Over the past few years, Apple has been exploring different design solutions to improve the iPad. A recent report claims that the company is now considering the use of titanium alloys to make iPad casings. This titanium alloy will replace the current aluminum alloy casings on iPads. The new generation iPads may be the first model to adopt this new material. Recently, Apple has applied for many patents related to titanium alloy casings. In the future, devices that may use titanium alloy include MacBook, iPad, and iPhone. In comparison with stainless steel, titanium alloys are harder and more resistant to scratches.
However, the strength of titanium also makes it difficult to etch. Therefore, Apple has developed a sandblasting, etching, and chemical process that can give the titanium shell a high-gloss surface treatment, making it more attractive. Apple has also been studying the use of thin oxide surface coatings to deal with the problem of fingerprints. Industry insiders claim that Apple’s consistent approach is to test the radical upgrades on the iPad. The new generation iPad will first adopt this build material. The reason why the company is not considering the iPad Pro is because the device supports wireless charging.
If this material is put on the iPhone, it is more likely to be applied to the middle frame. The rear of this device will; continue to use a glass design that will not affect the wireless charging.
Apple significant reduces iPad production due to chip shortages
Since the beginning of this year, various industries around the world are in a deep crisis with regards to the shortage of chips. This shortage is not just for storage core chips but also includes charging IC’s. Initially, there were reports that Apple has a solid supply chain thus the chip shortage will not affect the company. However, the latest reports show that Apple is beginning to worry about the current situation. According to multiple sources, Apple is drastically cutting down the iPad production and allocating more parts to the iPhone 13 series. This means that the core shortage crisis is much more serious than the initial assessment.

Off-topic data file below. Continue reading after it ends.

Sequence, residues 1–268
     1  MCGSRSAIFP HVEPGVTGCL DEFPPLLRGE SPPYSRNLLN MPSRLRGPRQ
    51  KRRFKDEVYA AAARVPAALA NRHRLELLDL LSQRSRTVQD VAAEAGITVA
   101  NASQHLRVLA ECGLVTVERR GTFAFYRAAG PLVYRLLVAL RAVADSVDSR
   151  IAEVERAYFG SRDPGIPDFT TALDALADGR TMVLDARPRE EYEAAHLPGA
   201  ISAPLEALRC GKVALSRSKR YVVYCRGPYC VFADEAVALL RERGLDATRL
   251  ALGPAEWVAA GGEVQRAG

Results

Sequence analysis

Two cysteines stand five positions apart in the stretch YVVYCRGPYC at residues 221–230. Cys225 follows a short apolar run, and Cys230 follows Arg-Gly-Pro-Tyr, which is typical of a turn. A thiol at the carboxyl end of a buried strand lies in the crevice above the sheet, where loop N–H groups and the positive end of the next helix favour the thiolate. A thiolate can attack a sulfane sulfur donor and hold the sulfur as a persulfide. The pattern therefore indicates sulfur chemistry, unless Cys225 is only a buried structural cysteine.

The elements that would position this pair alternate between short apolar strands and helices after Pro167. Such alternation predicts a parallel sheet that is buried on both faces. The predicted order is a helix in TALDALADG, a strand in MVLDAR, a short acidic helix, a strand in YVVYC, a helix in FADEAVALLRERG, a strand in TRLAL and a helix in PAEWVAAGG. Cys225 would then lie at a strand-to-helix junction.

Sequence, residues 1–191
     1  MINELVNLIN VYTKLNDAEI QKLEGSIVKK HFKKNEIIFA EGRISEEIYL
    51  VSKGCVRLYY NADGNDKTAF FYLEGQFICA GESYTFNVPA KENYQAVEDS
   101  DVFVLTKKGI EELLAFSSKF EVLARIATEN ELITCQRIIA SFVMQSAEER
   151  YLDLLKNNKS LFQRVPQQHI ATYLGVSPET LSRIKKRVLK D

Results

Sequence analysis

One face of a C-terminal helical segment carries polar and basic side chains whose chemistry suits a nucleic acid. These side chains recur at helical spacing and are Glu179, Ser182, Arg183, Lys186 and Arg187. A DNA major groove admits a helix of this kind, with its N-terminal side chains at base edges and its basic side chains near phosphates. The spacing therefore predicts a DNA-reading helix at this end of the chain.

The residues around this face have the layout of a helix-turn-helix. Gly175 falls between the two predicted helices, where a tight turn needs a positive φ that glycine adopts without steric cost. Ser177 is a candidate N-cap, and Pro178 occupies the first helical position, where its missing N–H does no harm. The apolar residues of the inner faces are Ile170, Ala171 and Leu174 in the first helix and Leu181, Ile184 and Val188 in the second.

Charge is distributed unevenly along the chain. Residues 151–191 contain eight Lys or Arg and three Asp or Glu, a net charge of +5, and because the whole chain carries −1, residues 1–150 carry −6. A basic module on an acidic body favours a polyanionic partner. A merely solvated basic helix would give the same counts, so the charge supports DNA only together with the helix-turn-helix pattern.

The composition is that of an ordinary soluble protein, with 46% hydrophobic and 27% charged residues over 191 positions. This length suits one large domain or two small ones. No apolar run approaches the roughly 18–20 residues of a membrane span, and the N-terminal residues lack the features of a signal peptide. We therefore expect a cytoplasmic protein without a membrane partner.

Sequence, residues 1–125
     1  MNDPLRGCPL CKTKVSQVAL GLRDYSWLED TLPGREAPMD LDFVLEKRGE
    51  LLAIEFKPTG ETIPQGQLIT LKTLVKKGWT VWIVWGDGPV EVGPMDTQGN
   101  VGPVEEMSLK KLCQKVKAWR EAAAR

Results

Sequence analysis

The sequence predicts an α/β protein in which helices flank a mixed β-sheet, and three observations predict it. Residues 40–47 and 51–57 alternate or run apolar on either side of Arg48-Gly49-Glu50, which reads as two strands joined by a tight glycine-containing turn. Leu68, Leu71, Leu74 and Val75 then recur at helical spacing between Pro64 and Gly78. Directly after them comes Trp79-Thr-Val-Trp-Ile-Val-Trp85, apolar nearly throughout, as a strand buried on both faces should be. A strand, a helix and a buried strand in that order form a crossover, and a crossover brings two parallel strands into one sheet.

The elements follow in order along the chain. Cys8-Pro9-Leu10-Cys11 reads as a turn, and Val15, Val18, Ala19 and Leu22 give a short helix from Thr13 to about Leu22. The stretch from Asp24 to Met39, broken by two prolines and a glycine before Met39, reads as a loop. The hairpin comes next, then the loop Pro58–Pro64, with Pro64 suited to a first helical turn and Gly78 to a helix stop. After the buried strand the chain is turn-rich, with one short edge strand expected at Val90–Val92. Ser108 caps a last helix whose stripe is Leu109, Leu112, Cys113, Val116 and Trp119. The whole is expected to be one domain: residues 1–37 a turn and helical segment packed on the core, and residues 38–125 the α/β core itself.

The reports claim that the output of the iPad over the past two months has been reduced by 50% relative to the original plan. Furthermore, even parts that are originally for older iPhones are now used for the iPhone 13. There are many similar parts between the iPhone and iPad models. Both iPhones and iPad share some core chips as well as peripheral chips. Thus, Apple can switch supplies between different devices in some cases.